EPA makes several caveats to the data presented, including: (1) EPA does not require regional offices to enter all regulatory actions into ICIS, so many “informal” actions are not recorded; (2) the data included in the Dashboard do not reflect all compliance monitoring/inspections or enforcement activities, nor the full extent of enforcement activity within a state or tribe; and (3) tribal inspections and enforcement actions conducted under sovereign tribal authority and regulations are not EPA reviewed or reported, and are not included in the Dashboard.
The Dashboard shows data from 2010 to 2014 to provide context at the national level, or within a state or tribe. EPA plans to update the information annually when new data are available (e.g., after annual state and tribal reporting forms are submitted to EPA).
The Dashboard provides interesting information and should be monitored, as many groups will likely use it in support of their unique interests.
More information on the WPS is available in our blog item EPA Publishes Worker Protection Standard Final Rule.
Posted on December 11, 2015 by Lisa M. Campbell
By Lisa R. Burchi and Lisa M. Campbell
On December 11, 2015, the California Department of Pesticide Regulation (DPR) issued California Notice 2015-13 that will require each person/company with products made from pesticide impregnated material that are sold into or within California under their own company name to register their product(s) as a pesticide. Examples of pesticide impregnated materials affected by this Notice include apparel (e.g., jackets, shirts, hats, socks, pants, shorts) and non-apparel (e.g., bedding, tents, seat covers, chopping blocks, shower curtains, mouse pads) that make pesticidal claims.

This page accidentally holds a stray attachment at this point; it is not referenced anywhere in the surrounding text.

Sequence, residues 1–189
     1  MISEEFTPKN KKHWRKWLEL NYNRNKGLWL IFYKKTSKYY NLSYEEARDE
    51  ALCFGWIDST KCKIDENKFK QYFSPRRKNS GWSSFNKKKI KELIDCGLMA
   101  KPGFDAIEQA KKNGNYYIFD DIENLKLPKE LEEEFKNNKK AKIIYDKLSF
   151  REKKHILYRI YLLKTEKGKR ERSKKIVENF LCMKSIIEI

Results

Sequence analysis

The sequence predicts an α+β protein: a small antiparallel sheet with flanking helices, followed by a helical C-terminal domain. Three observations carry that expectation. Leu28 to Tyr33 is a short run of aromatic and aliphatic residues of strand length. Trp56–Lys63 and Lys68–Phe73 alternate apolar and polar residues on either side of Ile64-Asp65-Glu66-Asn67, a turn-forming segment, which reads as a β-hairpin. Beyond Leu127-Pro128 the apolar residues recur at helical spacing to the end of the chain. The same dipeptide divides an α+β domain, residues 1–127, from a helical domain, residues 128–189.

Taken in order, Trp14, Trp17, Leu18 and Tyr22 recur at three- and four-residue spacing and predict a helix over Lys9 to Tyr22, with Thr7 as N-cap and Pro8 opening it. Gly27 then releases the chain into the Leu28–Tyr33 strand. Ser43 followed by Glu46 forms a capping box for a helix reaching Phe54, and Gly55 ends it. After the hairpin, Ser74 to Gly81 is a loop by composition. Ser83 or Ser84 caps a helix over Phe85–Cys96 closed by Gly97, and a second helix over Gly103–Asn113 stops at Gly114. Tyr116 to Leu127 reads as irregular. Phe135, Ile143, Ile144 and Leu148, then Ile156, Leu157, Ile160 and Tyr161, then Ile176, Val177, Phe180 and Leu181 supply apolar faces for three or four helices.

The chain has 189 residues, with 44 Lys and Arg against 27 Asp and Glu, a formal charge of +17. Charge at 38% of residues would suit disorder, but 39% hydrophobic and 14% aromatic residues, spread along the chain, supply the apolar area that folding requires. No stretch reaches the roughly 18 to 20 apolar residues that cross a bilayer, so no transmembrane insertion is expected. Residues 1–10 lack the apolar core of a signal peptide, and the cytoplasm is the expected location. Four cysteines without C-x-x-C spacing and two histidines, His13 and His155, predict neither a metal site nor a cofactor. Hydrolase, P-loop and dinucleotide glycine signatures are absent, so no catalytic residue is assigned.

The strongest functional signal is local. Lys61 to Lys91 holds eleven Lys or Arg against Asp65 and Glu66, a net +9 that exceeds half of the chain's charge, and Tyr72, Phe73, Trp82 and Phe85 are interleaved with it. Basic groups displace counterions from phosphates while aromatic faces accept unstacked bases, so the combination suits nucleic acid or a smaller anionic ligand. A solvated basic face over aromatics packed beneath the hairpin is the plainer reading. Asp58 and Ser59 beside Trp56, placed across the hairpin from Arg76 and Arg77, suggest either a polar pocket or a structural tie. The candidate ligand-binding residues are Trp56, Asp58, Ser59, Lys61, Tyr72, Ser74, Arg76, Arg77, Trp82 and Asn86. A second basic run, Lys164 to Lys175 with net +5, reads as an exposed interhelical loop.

The requirements will be effective November 1, 2016.
DPR currently registers a number of pesticide impregnated textiles bearing pesticidal claims. DPR notes that while these products have been registered either by the manufacturer of the pesticide impregnated material or by the company impregnating the bolts of fabric or clothing, individual companies selling items made from pesticide impregnated textiles were not required to register the materials. Instead, such companies were required only to obtain a pesticide broker’s license from DPR. Under DPR’s new policy, “obtaining a broker’s license will no longer be sufficient for companies selling products under their own company label” (emphasis in original). DPR states it is making this change to “facilitate tracking the use of these products in California and aid in the understanding of potential impacts on water quality and human health.”
With regard to registration requirements for pesticide impregnated products, DPR states that the number of registrations required will depend on several factors, including whether there are different pesticide active ingredients, different percentages of active ingredients, different types of fabrics, and/or different product uses. DPR states that if the product contains the same type and percentage of active ingredient, one registration can be used to cover various types of pesticide impregnated apparel or non-apparel product use categories, but such determination will be made on a case-by-case basis. As an example of products requiring separate registrations, DPR states: “If, for example, a person/company sells apparel impregnated with 0.52% of the active ingredient permethrin and other apparel impregnated with 0.48% of the active ingredient permethrin, two separate apparel registrations will be required because they contain different percentages of active ingredient. The same holds true for a category of non-apparel products.”
This Notice is a significant change in policy, and will impose potentially complicated and costly registration requirements on companies that sell pesticide impregnated material under their own company name but are not necessary familiar with pesticide registration requirements. The number of new registrations that could be required could be substantial considering the number of factors DPR has specified that could trigger separate registrations.